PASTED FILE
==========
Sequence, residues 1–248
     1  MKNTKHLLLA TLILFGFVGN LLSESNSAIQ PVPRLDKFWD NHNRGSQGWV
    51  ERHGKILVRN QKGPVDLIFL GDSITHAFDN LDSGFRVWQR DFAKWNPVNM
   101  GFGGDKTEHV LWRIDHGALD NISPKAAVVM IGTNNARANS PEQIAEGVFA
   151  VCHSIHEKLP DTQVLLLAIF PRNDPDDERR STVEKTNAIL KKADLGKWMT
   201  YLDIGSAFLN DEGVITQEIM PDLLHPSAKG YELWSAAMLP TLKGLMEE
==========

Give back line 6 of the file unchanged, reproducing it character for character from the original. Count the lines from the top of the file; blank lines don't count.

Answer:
   201  YLDIGSAFLN DEGVITQEIM PDLLHPSAKG YELWSAAMLP TLKGLMEE